Sales were fairly steady into Spring. Valiant and Chrysler were doing well. Plymouth and Dodge were pitiful. However, a rumble had started out on the West Coast. Plymouths were suddenly feared whenever they showed up at the strip. “Rumors, that is all they were,” according to my brother. Dad smiling a lot in anticipation of the first event of the season at the drag strip. So far, no one had talked about that secret ’62 that was covered up in the corner of the garage.
Next door to us was a lovely family that had 15 children, including Sarah, the drum major for our high school band. She was also red-haired, blue eyed and freckled, all over. She was four years older than yours truly, and I think the apple of my father's eye. I think he saw a younger version of my mother, since they really did look like more like mother and daughter than Sarah and Mary did. Dad took the boys aside and taught them what they needed to do to pit crew a car. He then had Sarah take driving lessons so she could earn her NHRA driver's license, and even furnished a traded-in police unit for her practice.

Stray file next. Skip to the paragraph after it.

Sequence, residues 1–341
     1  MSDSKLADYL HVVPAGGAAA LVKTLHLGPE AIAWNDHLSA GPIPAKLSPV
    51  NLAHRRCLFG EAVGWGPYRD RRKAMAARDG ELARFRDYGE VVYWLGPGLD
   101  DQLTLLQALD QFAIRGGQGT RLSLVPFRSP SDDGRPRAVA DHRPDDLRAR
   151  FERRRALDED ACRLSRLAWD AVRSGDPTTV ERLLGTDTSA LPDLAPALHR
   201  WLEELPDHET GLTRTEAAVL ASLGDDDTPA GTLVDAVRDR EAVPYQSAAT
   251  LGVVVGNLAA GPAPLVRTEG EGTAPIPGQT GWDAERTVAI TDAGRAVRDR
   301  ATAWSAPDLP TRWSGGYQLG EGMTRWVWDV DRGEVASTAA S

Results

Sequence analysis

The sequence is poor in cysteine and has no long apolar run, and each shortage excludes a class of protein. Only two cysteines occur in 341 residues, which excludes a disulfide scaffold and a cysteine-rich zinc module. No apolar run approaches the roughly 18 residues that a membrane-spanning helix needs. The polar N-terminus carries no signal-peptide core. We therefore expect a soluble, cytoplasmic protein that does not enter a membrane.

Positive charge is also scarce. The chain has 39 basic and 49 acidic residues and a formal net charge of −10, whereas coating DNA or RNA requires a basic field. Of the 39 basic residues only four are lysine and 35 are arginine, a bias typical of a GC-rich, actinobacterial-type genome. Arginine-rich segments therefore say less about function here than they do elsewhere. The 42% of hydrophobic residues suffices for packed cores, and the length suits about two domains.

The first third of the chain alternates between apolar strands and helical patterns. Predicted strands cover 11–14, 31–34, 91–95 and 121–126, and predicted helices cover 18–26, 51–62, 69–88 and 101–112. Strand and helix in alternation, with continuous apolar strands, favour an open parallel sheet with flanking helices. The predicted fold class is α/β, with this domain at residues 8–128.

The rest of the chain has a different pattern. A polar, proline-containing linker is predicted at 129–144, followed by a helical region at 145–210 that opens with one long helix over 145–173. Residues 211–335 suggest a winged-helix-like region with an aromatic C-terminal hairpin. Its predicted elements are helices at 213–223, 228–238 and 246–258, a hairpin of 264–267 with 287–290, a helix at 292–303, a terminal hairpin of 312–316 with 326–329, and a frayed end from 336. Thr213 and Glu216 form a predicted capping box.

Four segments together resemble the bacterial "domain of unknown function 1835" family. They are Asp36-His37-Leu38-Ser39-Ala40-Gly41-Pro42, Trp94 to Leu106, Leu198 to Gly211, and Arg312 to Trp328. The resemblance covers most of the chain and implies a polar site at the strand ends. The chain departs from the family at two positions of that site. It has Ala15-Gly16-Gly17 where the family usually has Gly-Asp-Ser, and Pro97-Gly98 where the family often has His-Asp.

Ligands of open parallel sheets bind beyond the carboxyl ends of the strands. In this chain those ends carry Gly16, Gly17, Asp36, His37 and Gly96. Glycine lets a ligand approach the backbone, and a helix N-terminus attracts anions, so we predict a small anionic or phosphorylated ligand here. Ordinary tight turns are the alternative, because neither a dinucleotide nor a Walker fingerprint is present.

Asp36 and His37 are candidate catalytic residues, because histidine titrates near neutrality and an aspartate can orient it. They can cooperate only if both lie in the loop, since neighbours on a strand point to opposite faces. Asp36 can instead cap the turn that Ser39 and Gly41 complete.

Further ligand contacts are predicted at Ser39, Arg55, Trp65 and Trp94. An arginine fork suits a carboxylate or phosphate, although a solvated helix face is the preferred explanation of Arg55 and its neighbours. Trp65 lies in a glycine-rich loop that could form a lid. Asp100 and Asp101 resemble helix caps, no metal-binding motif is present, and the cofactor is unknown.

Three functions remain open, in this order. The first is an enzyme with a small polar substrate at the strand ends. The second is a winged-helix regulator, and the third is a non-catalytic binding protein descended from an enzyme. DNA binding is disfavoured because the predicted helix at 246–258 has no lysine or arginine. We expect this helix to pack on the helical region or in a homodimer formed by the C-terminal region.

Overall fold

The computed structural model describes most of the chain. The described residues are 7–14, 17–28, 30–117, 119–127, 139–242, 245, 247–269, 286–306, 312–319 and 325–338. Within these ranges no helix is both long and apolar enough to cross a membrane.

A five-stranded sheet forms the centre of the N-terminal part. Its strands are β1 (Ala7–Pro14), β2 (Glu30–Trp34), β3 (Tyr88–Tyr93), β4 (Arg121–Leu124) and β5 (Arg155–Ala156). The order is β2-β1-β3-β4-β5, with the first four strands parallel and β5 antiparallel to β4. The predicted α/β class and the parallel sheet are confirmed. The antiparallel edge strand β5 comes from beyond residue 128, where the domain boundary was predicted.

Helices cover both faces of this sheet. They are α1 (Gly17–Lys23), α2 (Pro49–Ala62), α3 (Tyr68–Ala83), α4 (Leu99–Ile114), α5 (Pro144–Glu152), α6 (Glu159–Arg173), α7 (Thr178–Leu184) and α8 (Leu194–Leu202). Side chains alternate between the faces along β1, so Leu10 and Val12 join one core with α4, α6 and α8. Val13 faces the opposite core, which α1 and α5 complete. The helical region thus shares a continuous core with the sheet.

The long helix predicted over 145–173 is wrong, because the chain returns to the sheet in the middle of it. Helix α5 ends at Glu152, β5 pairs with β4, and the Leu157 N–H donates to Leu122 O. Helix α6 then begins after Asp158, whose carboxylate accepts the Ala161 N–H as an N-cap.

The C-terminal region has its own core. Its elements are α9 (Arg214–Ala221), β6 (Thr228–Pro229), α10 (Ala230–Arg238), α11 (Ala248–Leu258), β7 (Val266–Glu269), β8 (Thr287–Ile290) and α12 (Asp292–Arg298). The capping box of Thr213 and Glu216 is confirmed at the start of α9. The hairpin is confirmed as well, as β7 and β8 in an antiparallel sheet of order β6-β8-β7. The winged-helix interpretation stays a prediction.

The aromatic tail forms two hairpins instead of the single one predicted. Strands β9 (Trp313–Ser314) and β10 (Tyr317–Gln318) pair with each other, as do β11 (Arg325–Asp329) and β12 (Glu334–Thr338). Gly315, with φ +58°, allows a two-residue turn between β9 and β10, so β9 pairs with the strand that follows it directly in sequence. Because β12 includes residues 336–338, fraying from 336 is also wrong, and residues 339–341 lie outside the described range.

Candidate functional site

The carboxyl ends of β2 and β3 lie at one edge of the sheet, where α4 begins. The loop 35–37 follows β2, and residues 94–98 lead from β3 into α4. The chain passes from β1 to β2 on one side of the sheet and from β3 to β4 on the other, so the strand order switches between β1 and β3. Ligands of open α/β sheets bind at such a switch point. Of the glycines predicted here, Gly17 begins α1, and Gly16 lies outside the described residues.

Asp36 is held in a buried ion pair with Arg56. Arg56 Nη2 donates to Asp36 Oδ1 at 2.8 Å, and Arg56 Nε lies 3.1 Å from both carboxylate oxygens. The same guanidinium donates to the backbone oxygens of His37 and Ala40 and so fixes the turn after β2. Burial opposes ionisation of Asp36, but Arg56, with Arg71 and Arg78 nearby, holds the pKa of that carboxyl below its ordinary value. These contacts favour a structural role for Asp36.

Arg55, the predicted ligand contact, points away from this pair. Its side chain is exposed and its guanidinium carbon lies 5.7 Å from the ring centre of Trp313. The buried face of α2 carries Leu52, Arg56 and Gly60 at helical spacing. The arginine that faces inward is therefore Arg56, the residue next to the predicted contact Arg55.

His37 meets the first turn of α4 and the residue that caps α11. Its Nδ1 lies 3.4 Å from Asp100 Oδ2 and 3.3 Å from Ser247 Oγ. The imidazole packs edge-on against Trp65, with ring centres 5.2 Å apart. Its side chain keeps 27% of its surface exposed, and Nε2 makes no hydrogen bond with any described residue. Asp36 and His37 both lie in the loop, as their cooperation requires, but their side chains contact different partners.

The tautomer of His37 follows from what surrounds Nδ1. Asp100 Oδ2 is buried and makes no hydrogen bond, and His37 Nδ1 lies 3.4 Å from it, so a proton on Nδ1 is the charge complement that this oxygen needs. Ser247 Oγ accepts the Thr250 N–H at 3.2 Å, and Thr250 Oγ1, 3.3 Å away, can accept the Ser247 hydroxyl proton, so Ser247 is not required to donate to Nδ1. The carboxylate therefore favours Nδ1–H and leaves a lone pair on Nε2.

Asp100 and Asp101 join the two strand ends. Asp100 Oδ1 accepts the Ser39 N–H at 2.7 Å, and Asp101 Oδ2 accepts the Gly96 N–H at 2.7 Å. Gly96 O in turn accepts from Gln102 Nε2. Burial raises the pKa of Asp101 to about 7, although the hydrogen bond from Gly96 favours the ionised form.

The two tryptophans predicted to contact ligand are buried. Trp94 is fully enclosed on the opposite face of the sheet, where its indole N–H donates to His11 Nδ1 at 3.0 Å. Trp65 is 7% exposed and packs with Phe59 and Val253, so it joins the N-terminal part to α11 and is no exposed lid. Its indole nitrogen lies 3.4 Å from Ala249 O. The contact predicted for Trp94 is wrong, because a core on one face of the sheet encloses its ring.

The local track's first event was April 5. Early in the evening of April 4, the cover came off that ’62 Savoy. It was carefully gone over. Then it was pushed out in back of the garage. The showroom was locked. Eddie, my buddy, reached under the fenders and unplugged the exhaust headers.
The 413 engine's headers were a work of art. To make the engine fit, they swept upwards, dumping into a collector just behind the front wheels. There was a complete stock system, but the caps allowed the exhaust to exit right behind the wheels. The coil wire was taken off, and the engine was cranked for almost a minute using just the starter. That was to assure that oil had reached critical parts of the engine. The coil wire was put back on.
That engine lit off with a roar unlike anything I had ever heard before. There was a deep gutsy rumble as the 8 cylinders fought to come up on the camshaft timing to smooth out. It was let idle nearly 1/2 an hour to get heat into the block. The gasoline was the 130 octane stuff from the airport. Dad had purchased over 100 gallons of the juice just for that Plymouth.